- Supercritical carbon dioxide
DuPont Co. (Wilmington, DE) has begun construction of a $40 million, 2.5 million lb/y development and manufacturing facility to make melt-processable fluoropolymers using a process based on supercritical carbon dioxide. Should the demonstration prove successful, the company will spend $275 million over the next seven years to build a worldscale fluoropolymer and fluoromonomer facility.
The company says it has been testing the technology at a $2-million pilot plant it brought on stream in 1999 at the DuPont Experimental Station in Wilmington, DE. It expects the Fayetteville unit to open in late 2000 and produce fluorinated ethylene propylene (FEP) and perfluoroalkoxy resin (PFA). The company plans to demonstrate the technology for two to three years before building a larger plant.
The technology gives DuPont the ability to make new grades with specialized properties. It also promises to be more efficient, more flexible, and less costly than existing processes.
It was developed through a partnership between DuPont and Joseph DeSimone, a chemistry professor at University of North Carolina-Chapel Hill. He is a pioneer in polymer synthesis using supercritical fluids, gases that turn liquid and show tremendous solvating power under high pressures. DuPont has supported his research since 1990.
DuPont's Teflon FEP is widely used for plenum cable insulation because of its excellent insulating properties, fire resistance, and light weight, which makes it easier to string over long distances. A new production technology based on supercritical carbon dixoide promises more specialized grades and improved process economics.
Supercritical carbon dioxide (back to top)
Supercritical carbon dioxide has several advantages, says DeSimone. "Fluoropolymers can't have hydrogen present in the solvent because it's chain transfer agent," he explains. "Carbon dioxide doesn't have any hydrogen, and so it's inert to free radical chemistry." This simplifies some reactions and makes other economically feasible.
Supercritical carbon dioxide is a powerful solvent that works especially well with fluoromonomers, which are insoluble in most solvents except chlorofluorocarbons. "It's easy to dissolve comonomers," DeSimone continues, "and it's easy to isolate the polymer after synthesis." When pressure is released on supercritical carbon dioxide, it turns into a gas and evaporates, leaving behind the products of the reaction.
"It lets us make a lot of the same polymers in a more environmentally friendly way," says DeSimone. "Water or chlorofluorocarbons, which are typically used to make fluoropolymers, get contaminated. Here, there's a lot less waste, and it's easier to isolate and dispose of. When you dry polymer made in water, it takes a lot energy because water has a high heat of vaporization. Here, the energy consumption is much less."
DeSimone says his group reported the first successful homogeneous free radical polymerization in an inert supercritical fluid (SCF) in 1992. Since then, he has expanded synthesis technology to include dispersion, cationic, ring-opening metathesis, step-growth, and additional heterogeneous polymerizations.
He is also codirector of the Kenan Center for the Utilization of Carbon Dioxide in Manufacturing, a joint UNC-North Carolina State University research center with 16 corporate sponsors. It focuses on industrial use of supercritical carbon dioxide that range from coatings to textile dyeing. The center has more than 20 faculty and 40 students and post-doctoral associates.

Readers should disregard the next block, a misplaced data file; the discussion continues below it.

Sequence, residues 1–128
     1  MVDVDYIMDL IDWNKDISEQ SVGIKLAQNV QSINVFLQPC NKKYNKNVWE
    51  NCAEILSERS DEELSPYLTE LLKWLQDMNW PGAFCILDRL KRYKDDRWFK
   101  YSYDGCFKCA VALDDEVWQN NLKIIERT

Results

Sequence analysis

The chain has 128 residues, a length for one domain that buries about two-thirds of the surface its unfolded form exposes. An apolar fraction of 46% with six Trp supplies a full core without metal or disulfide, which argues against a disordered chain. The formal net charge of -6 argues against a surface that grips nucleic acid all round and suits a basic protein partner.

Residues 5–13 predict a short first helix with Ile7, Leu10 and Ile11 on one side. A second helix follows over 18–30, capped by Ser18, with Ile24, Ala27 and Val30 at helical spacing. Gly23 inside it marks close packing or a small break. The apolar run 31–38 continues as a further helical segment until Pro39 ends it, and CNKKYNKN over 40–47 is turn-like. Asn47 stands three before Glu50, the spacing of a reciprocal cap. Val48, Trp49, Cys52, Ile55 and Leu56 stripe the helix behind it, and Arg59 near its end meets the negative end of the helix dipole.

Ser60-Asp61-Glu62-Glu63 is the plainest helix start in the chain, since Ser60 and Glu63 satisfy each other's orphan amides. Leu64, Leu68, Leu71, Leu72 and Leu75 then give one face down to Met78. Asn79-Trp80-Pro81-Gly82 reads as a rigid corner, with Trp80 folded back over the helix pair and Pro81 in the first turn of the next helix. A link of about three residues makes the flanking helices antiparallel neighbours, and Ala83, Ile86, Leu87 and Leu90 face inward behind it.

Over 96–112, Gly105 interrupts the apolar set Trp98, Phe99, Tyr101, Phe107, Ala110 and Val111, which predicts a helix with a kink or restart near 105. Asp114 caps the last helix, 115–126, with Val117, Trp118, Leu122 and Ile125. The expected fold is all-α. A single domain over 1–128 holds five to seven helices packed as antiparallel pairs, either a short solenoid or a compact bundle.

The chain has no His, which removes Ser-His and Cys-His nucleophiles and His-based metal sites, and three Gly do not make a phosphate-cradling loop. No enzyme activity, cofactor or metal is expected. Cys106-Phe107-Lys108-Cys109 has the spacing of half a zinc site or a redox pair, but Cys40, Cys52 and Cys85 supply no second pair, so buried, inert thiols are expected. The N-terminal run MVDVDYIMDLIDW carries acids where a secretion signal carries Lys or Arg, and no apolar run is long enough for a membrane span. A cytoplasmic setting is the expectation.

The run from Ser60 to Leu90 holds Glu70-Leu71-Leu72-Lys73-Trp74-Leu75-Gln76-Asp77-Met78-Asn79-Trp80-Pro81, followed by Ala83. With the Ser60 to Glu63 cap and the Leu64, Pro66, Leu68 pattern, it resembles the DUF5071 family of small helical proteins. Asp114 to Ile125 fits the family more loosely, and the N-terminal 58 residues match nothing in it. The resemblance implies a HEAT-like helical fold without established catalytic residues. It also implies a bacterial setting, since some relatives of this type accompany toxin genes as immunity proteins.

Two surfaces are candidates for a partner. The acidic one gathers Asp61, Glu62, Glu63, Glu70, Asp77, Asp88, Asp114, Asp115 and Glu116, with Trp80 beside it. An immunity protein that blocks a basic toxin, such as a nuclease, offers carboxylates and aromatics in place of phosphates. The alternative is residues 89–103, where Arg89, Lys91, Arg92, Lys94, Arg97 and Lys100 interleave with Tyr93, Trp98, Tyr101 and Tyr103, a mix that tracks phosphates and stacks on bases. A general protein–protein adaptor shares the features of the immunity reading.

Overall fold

DeSimone's own research group at UNC currently consists of 16 graduate students, five postdocs, and a visiting professor. Under a licensing agreement, DuPont will provide UNC with royalty payments when production begins, as well as continue its financial support for related technology and research efforts.
DuPont's Fayetteville plant (which is north of the city in Bladen County) produces Butacite polyvinyl butyral protective laminates for automotive windshields, and Nafion polymer membrane for chloralkali production. It currently employs 515 people.
Although DuPont wants to scale up the technology to construct a worldscale fluoropolymer and fluoromonomer facility, it is not yet committed to building the unit in North Carolina. A DuPont press release says plans "are contingent upon successful passage of legislation now before the North Carolina General Assembly."
The bill (back to top)
The bill, a package of financial incentives for the company, was introduced by North Carolina State Senator Tony Rand. DuPont also says that construction will depend on resolution of "other logistical factors in North Carolina." A company spokesperson would not elaborate on what, exactly, that means.
"We're the fluoropolymer market and technology leader, and part of that leadership is introducing new polymers, driving costs, and improving quality," says DuPont Fluoroproducts global business manager Henry B. Voigt. Some of our competitors have announced plans for new capacity, but I really expect this plant to be more significant than that."
"The additional capacity and new products we will gain from this investment will strongly support our customers in the rapidly growing data communications, semiconductor and automotive markets," he says.
The world's largest producer of fluoropolymers, DuPont operates facilities in United States, Europe and Japan. DuPont Fluoroproducts serves industries as diverse as telecommunications, aerospace, refrigeration, air conditioning, pharmaceutical, automotive, electronics, chemical processing, and home furnishings. Its brands include Teflon fluoropolymers, SilverStone nonstick finishes, and Suva refrigerants.
For more information: Joseph M. DeSimone, University of North Carolina at Chapel Hill, Dept. of Chemistry, B-5 Venable Hall, CB 3290, Chapel Hill, NC 27599. Phone: 919-962-2166. Fax: 919-962-5447. Email: email@example.com.
By Nick Basta